Rice is a fantastically versatile ingredient found in many shapes and sizes throughout global gastronomy. But, there is one phenomenal dish where it really shines — paella. This traditional Spanish dish is well-known throughout the world and often sparks a bit of controversy regarding the ingredients added in and cooking styles. However, when it comes to flavor and quality, even most Spaniards will all agree that the very best are homemade.
For that reason, at Mahatma® Rice, we’ve put together a definitive guide to making an authentic Spanish Paella at home to truly impress everyone with your show-stopping skills and knowledge of this iconic dish. So, are you ready to learn the secrets to making the best paella recipe? Start taking notes!
Origin of Spanish Paella
Much like other Mediterranean dishes such as risotto or arroz con leche, rice was first brought over by Arab cultures and the people living in those areas quickly developed recipes using local ingredients.
Moving forward in history, Paella Valenciana is often considered the most authentic version, given that this rice dish is said to have originated in the region of Valencia, Spain. With its humble beginnings, this dish made with arroz bomba, or Short Grain Valencia Rice, was meant to be a compilation of items to use up leftovers such as beans, tomatoes, artichoke, peas and meat from rabbit, snails, duck or chicken.
What Goes Into a Paella?
While the original version may include a mix of many ingredients, nowadays, to make a wonderful paella, you’ll need three things: patience, practice and quality ingredients. Even though recipes may vary, there are certain staples to almost every paella:
- Oil: Use Spanish olive oil, or another high quality option.
- Fresh vegetables: For the best taste, use local and fresh vegetables (with the exception of frozen peas). It starts with a sofrito including red pepper, tomato, garlic and olive oil.
- Seasonings: The characteristic color and taste come from the spices and seasonings added in such as bay leaf, smoked paprika, saffron and salt.
- Rice: see below for the best paella rice available
- Broth: While truly authentic recipes are made with fish stock using the discarded shells of seafood, chicken broth can also be added in.
The Perfect Paella Rice
Keeping in mind that the quality and grain length of the rice have a direct impact on the taste and texture, our top pick when it comes to making paella is Parboiled Medium Grain Rice.
At Mahatma® Rice, we’ve created the ideal paella rice that perfectly absorbs flavors and, as it is medium grain, it has the perfect starchy consistency to create the creamy texture without resulting overly dense or sticky.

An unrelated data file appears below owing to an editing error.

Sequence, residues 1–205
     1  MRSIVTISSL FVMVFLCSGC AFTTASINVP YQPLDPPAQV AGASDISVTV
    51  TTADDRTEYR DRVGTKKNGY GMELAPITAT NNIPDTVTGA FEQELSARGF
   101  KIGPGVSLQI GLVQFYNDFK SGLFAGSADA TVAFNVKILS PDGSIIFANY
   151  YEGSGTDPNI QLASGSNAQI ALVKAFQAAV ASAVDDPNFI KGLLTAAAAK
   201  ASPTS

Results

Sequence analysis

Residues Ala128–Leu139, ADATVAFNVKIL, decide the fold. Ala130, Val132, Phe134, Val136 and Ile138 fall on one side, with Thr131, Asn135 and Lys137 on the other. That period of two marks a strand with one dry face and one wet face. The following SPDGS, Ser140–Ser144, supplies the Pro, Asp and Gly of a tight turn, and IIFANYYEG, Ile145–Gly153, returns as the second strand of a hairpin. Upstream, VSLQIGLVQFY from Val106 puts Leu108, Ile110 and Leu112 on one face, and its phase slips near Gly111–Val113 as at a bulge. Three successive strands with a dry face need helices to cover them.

Perfect Paella Proportions
Now that you have the right rice, it is also important to consider how many people you will be feeding. Traditionally, paella consists of a thin layer of rice cooked in a large paella pan that may have that characteristic socarrat, or crispy rice bottom. However, nowadays it is more common to prepare more rice in a smaller pan.
The average proportion of rice to broth for paella is approximately 1 part rice to 3.5 parts liquid and we would suggest that you use 80-100 grams of rice per person (that’s about ½ cup uncooked rice).
Essential Cooking Utensils
In Spain, this dish is usually made with a paella pan that may differ in size depending on how much rice is being made. However, if you don’t have one, use a copper pan, a stainless steel skillet or a cast iron skillet that is 11-12 inches across and serves four people. Remember that based on these measurements we are referring to approximate times.
Did you know? Historically, a paellera was a special gas-fueled round stove, while paella referred to the stereotypical cooking pan and the meal was un arroz, or rice. Nowadays, the term paella is often used to refer to the rice meal as well as the pan.
While Valencian Paella may have been the starting point, it has become a staple dish served in many parts of Spain and worldwide with a variety of ingredients.
Not to be confused with arroz con pollo, a chicken paella may include chicken thighs, breast or other more flavor pieces. Many chefs say that browning the bone-in chicken thighs or other pieces in the oil before beginning the sofrito adds a delicious savory base.
Many varieties that include both chicken, beef or pork and seafood are considered to be paella mixta, or mixed paella.
While the original may not have included seafood, paella de marisco, or Authentic Spanish Paella is quickly becoming the most popular form of paella. Made with a base of seafood broth along with monkfish, calamari, mussels and prawns, this recipe is seafood paella par excellence.
For something a bit simpler to start, try a Tuna and Artichoke Paella using a combination of vegetables and precooked seafood. If you’re looking for a mix of flavors, try a Paella with Chorizo and Shrimp.
If you prefer to leave out the meat and seafood, why not try a vegetable focused paella? This Vegetarian Paella includes artichoke hearts, mushrooms, garlic, sun-dried tomatoes and chickpeas for a bit of added protein.
Or, use seasonal produce like in this Roasted Harvest Veggie Paella with butternut squash, carrots, parsnips, and Brussels sprouts.
While there might be a bit of controversy when it comes to fusion flavors among paella enthusiasts, we can all agree these incredible recipe ideas are downright delicious!
If you’re looking to expand the classic recipe to include other tasty flavors, try any of these below. We encourage you to unfollow the recipe and get creative in the kitchen.
The best part about all of this is the reheated leftovers the next day, if there is any rice left! Continue browsing our website to discover more delicious recipes with rice like this coconut milk rice pudding, or alternative cooking methods with your preferred grains like a jasmine rice Instant Pot recipe.